On Point With: ALONE

The Israeli-born queer recording artist is captivating audiences with catchy tracks, colorful visuals and a positive message, with a unique take on his own moniker: ALONE.


Thotyssey: Hello, ALONE, thanks for chatting with us today! So I saw you’re video for your fun, affirming track “Everything,” and it featured several trans and gender non-conforming folks being fierce. Our sis Thee Suburbia is there, too! What inspired the casting of these folks?

ALONE: They are all people who I love, care for, and respect very much. They inspire me with their creativity and resilience, and we help each other grow and be all that we can be. They also beautifully capture the message of the song.

There’s an interesting story behind the lyrics to “Everything” regarding an ex of yours.

Yes. It started as an attempt to get a “Negative Nancy” ex to appreciate all the wonderful things in their life and see the glass as mostly full, but it didn’t quite work. However, the song grew into something so much bigger and more powerful than that specific incident by the time it was done. It became an affirmation and a proclamation that right now, just as we are, we already have all we need to thrive… and we are already, in fact, everything. I wanted to dedicate the song’s powerful, uplifting message to those who could truly use and fully appreciate it, and those are my trans and GNC siblings.

“ALONE” is a play on your birth name, Alon. But is there more meaning behind it… like, do you feel solitary as an artist?

Bartending at queer bars in the city for so many years, I would often come across people who found it hard to get my name “Alon.” I would have to repeat it over and over, and ultimately many of them would ask me to spell it for them. Upon doing so, most would compare it to the word “Alone” and remark on how sad that was. That did not sit right with me, and I would raise the question: “why is being alone a sad thing?” There I was, very much alone at the moment (as many New Yorkers are) and feeling happy, full of possibility and in control of my life, far removed from sadness.

It made me want to reclaim the word “alone,” and challenge the false binary concept that being alone is bad and being together is good when in fact both are vital to our growth and well-being. As an added bonus, I quickly learned that introducing myself as “Alone” rather than “Alon” saved me precious time repeating my name over and over to get people to understand what my name is… and so it was a win-win decision.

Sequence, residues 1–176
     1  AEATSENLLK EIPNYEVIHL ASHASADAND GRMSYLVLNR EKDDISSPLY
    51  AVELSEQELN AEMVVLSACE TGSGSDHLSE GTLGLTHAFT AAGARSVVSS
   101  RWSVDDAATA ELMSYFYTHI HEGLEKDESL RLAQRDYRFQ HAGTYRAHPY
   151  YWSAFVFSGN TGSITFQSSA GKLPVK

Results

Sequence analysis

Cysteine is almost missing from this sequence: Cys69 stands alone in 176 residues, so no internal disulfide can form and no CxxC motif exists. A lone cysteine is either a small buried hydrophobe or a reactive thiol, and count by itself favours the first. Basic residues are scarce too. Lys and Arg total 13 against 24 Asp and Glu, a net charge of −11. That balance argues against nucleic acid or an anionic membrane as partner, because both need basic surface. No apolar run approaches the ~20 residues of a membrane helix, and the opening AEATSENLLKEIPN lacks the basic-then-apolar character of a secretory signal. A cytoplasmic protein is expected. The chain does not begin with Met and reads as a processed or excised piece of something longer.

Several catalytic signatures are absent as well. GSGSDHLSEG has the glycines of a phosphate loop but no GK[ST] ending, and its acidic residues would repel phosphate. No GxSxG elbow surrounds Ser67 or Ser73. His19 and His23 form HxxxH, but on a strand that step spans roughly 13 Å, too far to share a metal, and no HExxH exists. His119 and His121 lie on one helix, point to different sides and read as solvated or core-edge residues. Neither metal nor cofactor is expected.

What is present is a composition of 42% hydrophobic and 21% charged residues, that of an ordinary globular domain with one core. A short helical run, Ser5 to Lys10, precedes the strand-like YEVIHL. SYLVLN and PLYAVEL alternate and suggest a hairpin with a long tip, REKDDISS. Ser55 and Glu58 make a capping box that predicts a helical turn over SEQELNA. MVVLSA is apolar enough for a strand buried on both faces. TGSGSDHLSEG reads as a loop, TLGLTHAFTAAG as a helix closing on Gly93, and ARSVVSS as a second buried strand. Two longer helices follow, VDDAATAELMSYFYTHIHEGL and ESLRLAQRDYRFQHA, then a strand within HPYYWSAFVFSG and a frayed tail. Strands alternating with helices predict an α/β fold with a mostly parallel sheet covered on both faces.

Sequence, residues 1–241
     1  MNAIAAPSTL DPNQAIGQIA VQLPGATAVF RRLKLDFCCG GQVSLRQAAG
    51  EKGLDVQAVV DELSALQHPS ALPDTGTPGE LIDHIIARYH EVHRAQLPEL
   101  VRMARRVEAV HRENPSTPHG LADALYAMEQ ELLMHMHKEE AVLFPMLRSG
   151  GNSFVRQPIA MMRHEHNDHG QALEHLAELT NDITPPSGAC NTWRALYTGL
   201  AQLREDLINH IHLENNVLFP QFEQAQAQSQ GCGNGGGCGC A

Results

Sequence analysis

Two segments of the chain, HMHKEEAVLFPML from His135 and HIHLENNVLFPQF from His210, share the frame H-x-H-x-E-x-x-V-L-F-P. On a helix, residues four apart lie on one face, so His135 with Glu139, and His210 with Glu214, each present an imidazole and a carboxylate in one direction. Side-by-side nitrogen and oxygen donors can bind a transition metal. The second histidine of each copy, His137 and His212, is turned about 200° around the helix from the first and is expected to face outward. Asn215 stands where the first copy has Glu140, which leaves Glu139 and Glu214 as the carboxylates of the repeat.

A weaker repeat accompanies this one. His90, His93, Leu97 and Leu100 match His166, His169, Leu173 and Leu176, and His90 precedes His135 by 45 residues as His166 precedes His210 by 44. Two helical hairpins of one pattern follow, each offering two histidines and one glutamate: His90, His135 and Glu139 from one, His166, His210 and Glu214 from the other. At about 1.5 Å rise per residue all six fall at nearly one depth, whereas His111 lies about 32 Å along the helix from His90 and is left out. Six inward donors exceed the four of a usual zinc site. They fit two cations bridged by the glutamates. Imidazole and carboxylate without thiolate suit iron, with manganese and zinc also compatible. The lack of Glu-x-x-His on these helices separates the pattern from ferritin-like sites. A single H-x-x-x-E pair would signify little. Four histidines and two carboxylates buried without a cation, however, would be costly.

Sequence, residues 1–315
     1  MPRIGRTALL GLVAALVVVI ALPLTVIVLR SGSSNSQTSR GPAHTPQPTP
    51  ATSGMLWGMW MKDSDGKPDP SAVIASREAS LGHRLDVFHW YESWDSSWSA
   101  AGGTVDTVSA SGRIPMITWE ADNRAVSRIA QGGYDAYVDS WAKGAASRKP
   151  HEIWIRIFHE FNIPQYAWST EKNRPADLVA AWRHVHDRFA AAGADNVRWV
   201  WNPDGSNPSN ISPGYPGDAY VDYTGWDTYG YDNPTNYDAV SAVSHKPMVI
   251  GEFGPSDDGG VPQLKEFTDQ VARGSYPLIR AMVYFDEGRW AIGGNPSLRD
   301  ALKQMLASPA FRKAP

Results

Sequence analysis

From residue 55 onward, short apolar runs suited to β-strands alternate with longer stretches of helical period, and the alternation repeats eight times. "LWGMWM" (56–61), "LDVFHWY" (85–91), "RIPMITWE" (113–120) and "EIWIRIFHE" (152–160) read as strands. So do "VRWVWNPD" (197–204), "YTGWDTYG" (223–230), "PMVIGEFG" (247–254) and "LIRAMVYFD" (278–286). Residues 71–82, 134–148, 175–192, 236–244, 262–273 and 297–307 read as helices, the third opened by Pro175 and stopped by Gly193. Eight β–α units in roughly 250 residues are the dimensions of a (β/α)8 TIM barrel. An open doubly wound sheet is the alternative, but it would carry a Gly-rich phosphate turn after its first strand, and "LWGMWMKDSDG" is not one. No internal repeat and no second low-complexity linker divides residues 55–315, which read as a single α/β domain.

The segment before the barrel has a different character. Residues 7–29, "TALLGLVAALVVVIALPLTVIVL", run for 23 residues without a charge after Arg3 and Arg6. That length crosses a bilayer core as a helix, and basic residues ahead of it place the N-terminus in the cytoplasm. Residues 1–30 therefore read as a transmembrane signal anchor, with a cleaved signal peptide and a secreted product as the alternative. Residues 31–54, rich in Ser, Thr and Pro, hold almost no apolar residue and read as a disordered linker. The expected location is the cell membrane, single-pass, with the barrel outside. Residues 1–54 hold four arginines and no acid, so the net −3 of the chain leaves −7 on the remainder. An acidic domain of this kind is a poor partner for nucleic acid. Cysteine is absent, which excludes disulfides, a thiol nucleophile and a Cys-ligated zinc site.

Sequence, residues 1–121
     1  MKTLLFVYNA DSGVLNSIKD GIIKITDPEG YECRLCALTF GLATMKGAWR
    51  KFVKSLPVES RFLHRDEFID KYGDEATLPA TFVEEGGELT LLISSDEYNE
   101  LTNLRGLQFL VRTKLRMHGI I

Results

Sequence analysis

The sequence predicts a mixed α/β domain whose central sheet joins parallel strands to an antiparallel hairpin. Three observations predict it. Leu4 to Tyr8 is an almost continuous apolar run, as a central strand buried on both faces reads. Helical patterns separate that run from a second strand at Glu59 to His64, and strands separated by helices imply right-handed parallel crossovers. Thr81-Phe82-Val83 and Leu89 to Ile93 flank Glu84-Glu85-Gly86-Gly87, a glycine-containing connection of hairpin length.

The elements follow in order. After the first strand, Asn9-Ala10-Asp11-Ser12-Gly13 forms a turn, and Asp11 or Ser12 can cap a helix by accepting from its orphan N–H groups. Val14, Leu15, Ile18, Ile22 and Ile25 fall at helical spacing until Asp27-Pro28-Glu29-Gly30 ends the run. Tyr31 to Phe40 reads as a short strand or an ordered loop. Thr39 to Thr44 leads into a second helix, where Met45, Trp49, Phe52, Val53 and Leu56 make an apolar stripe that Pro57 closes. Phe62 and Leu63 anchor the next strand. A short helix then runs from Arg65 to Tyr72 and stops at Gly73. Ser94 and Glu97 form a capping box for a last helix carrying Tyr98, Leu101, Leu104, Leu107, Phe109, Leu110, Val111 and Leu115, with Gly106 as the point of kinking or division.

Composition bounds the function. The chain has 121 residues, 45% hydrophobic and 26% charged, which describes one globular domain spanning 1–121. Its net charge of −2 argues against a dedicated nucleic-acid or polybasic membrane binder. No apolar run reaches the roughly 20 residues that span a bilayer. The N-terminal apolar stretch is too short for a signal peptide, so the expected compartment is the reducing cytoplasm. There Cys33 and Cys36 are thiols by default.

As for feeling solitary as an artist, I feel like becoming an artist was a journey of reinvention for me that I had to go into alone in order to break free of all the boundaries, preconceived notions and expectations that were placed upon me throughout my life. I did, however, always have the support of friends and family when I needed it, and was always able to rely on other musicians collaborating with me to help me bring my musical visions to life. That is why my social handles are @togethalone, as I feel like being alone is something that connects us all and makes us come together.

You have a fabulous sense of style! What inspires that?

Thank you! As a child of the 80s, I had the privilege of growing up watching some incredible style icons at their prime. Artists like Grace Jones, Prince, Sylvester, Annie Lennox, and shows like Dynasty and Buck Rogers exposed me to the power of style and fashion, and showed me ways to express myself through my looks.

How did you begin as an artist and musician?

With a dream and a single person who really saw me and believed in me. I never had any training or encouragement to pursue music, and I never dared to even admit to anyone that that was who I was inside. At that time in Israel, if you were growing up in a middle-class suburban family you were expected to grow up to be a doctor, lawyer or work in finance. The creative types would study media or marketing at best. There wasn’t really a lot of awareness and openness to experimenting with arts, so I never felt like I had a chance or the opportunity to sing and make music.

It remained a secret dream of mine until I was in my late 20s, when my boyfriend at the time somehow heard the songs I was singing to myself and at some point encouraged me to start writing them down. That was the beginning of making it real, and his faith in me as an artist made me believe in myself. Then the hard work started… but that’s probably a whole other question, lol!

If you would, tell us a bit about growing up as a queer person in Israel.